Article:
Would you say you’ve experienced trauma in your life? Most people would say no.
If I were to ask those who said yes what those traumatic experiences were, they would most likely share things like a car accident, serious illness, near-death incident, war, losing a spouse or child, becoming an orphan, or being sexually or physically abused.
But what if trauma wasn't only these notable dramatic moments in time?
The more I learn about trauma, the more I’ve come to understand that experiencing trauma isn’t about a dramatic event but about how you feel about an event.
So what does this mean? If there have been moments in your life when you have ever felt abandoned, terrified, never heard, never valued, worthless, waste of time, then you have experienced trauma.
When we experience trauma, we go into fight, flight, or freeze/shut down. We aren’t safe to express ourselves, or worse, told not to. When our nervous system enters this sympathetic state without being able to complete the cycle - process emotionally and mentally what’s happening and it is met with empathy and validation from another human - then those emotions become trapped inside our nervous system.
For those of us who perhaps didn't realize what trauma included, we would most likely have thoughts like: “Oh jeez, my childhood was great! I really don’t have anything to complain about,” or “sure, I was bullied, but it wasn’t that bad, they were just kids and didn’t know what they were doing after all.” This denial is a safety mechanism to keep that trauma locked away deep inside us to protect us from the pain.
When we start learning what trauma is, we can begin to free ourselves from it. If, for your entire life, you were trying to tell yourself that what you went through wasn’t a big deal and to get over it, those painful emotions stay trapped. What you felt was real! What you felt was painful and traumatic.
Learning how to overcome my trauma has been the gateway to understanding myself. Trauma is the root of anger, frustration, depression, anxiety, substance abuse, suicide, self-harm, and more. All of a sudden, I’m not “messed up.” I’m emotionally and mentally wounded, and I need to heal.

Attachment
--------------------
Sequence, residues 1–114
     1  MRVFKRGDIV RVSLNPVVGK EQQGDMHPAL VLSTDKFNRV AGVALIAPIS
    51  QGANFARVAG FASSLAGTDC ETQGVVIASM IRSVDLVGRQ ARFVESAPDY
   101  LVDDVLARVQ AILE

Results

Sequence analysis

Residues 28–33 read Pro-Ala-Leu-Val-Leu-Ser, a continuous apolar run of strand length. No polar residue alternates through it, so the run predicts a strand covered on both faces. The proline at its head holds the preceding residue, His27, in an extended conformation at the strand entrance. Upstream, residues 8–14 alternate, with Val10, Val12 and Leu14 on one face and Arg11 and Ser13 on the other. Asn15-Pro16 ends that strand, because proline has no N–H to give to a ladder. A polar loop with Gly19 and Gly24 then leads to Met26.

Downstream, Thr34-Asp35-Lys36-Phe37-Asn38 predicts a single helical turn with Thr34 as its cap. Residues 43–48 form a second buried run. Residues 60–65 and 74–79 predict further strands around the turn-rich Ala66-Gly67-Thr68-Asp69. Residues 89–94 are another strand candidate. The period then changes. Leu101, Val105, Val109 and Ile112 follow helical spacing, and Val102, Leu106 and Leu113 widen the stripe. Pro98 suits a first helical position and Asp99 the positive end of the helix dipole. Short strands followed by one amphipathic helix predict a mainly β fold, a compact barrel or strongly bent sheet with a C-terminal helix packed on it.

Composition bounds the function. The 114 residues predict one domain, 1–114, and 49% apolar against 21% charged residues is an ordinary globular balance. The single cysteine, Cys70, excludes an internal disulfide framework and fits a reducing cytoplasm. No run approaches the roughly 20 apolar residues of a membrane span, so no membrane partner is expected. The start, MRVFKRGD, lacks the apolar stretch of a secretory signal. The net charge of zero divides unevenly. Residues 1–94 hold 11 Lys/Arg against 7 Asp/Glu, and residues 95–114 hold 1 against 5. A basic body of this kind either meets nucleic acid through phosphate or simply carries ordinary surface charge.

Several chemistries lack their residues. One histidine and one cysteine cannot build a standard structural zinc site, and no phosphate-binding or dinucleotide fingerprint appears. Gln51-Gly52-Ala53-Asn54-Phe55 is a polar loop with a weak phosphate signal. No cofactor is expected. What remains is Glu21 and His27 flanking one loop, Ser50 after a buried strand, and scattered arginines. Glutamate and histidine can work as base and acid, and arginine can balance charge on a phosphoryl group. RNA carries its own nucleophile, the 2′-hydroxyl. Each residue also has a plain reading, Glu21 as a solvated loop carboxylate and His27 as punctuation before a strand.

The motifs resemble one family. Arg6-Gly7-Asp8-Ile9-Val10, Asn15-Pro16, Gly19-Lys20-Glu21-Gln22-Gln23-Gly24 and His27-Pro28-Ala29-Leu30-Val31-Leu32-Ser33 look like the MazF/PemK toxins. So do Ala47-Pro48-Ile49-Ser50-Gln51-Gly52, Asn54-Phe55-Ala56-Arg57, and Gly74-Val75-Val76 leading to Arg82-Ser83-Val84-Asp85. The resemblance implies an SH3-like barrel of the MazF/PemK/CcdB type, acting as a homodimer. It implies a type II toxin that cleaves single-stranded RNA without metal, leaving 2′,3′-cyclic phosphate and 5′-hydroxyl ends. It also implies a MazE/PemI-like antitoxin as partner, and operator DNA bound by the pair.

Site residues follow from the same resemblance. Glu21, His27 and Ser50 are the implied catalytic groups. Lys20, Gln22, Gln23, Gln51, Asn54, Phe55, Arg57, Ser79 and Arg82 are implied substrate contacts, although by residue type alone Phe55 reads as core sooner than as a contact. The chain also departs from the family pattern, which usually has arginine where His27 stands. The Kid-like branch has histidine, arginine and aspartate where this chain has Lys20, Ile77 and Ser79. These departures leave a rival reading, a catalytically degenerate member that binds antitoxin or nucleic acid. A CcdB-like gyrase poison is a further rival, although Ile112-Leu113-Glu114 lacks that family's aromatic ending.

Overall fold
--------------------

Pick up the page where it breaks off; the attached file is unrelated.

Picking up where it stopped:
If you relate to this, I want to personally invite you into my Facebook community. Inside the guide section, I have a free 30-day transformation - Chomping at the Bit: Transition from Guilt to Freedom. This will help you get started on your healing journey. Click HERE to connect with others who want happiness, hope and freedom.
Learning to heal has transformed my life to find happiness, hope, and freedom! Becoming more whole has helped my anxiety and depression; it helps me be a better mom and prevent passing my trauma down; it’s immensely helping my marriage.
“It shouldn’t be like this”
“Why is it so hard”
“My horse should be doing -“
“Why am I still scared”
“No one supports me”
“This isn’t what I thought my life would be like”
When we get stuck in what we think life -should be- we totally miss what life really is.
This is commonly the root of our frustration, anxiety, depression, resentment, and suffering.
Life is what it IS.
Learning to accept and love what ‘is’ allows you space to then make a plan with action steps to move in the direction you want; my friend, that is true freedom.
Let go of what you think life should be.
Let go of where you think you should be.
Let go of what you think your horse should be able to do.
Let go of what you think your marriage should be.
Let go of how you think your kids should be.
Live in this moment. Love now. Embrace now.
If you’re looking for steps to help, check out the free 30-day challenge inside Horsewomen Who Rise Up & Ride in the guide section: “Chomping at the Bit.”
Until next time my friend 💜
How come talking about the loneliness, guilt, resentment, anger and shame that comes with motherhood isn’t a thing?